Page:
The class would culminate in a spring 2014 visit to the National High School Model U.N. Conference, which takes place in the actual General Assembly of the United Nations in New York City and attracts about 3,000 participants from around 20 different countries. McGrath called it “a good stepping stone for college.” Commenting favorably upon it, Villanti said, “Kids who might not normally speak up in class might find a topic.” The class will be offered to all students who have already signed up for History’s Mysteries and to any other interested students from 10th to 12th grades.
Discussion continued with the presentation of a new Spanish text book for AP Spanish students. The AP class designation is new for Haldane this year, and the AP program in Spanish has also changed in the past year, with three competing textbooks tailored to the new curricula. Spanish teacher Nina Ortiz attended an AP workshop and researched all three texts before choosing one called Temas, which also includes online access to materials. The text was unanimously approved later in the meeting.
Alm then brought up three small changes made to this year’s Code of Conduct, distributed and signed by all students. In the elementary school edition, changes were made to the definitions of prohibited electronic devices, with e-book readers now allowed with the permission of the classroom teacher. Amendments were also made to a listing of other prohibited items, with the wording now reading as “toys of any kind, trading cards and dangling items from backpacks.”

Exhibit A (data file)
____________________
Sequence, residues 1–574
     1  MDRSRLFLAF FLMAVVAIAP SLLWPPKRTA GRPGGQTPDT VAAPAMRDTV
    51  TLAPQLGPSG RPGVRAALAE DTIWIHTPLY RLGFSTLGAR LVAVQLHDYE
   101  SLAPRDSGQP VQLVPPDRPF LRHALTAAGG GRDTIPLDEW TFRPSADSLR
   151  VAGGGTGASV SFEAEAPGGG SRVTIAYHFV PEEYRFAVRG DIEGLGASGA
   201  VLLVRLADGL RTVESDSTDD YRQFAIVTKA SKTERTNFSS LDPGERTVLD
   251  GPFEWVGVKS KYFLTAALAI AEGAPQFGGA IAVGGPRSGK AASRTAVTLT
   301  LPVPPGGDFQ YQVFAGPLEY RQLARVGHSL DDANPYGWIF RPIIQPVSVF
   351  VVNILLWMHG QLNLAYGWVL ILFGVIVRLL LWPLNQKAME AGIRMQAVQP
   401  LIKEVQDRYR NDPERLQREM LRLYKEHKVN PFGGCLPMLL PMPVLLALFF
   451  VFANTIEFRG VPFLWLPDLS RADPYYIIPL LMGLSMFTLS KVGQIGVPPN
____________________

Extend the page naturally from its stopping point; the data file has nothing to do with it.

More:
In the high school edition, a “subtle but pretty big adjustment was made,” according to Alm, adding “interfering with school security protocols including propping a locked door” to the list of conduct that was not permissible. Thorpe called all of these measures “good changes.”
After a discussion of a proposed trip to New Orleans by the 2014 senior class, the board agreed with Villanti that they would need more information in order to make any approval. The trip would include a service-learning component, with the students working with Habitat for Humanity as well as more traditional sightseeing elements. It was agreed that the board needed to be thoughtful and should take the time to digest all the information before making a decision.
After a brief discussion about the hiring status of the teacher, Jennifer Quick, who will be teaching next year’s “bubble class” and an assignment of board members to a host of committees, Villanti, calling it “the hardest letter I’ve ever written,” read his letter of resignation, effective Dec. 31, 2013, “for the purpose of retirement.”
Although Thorpe said, “We would love to twist his arm to try to get him to stay longer,” Villanti said, “The district’s in a really good place, and the time to retire is when things are going well. I promised them five years and it’s been seven. … I love Haldane and it’s been an honor; this is a great place to be a part of. … I’m proud and thankful for your support.”
The meeting concluded with all motions approved unanimously.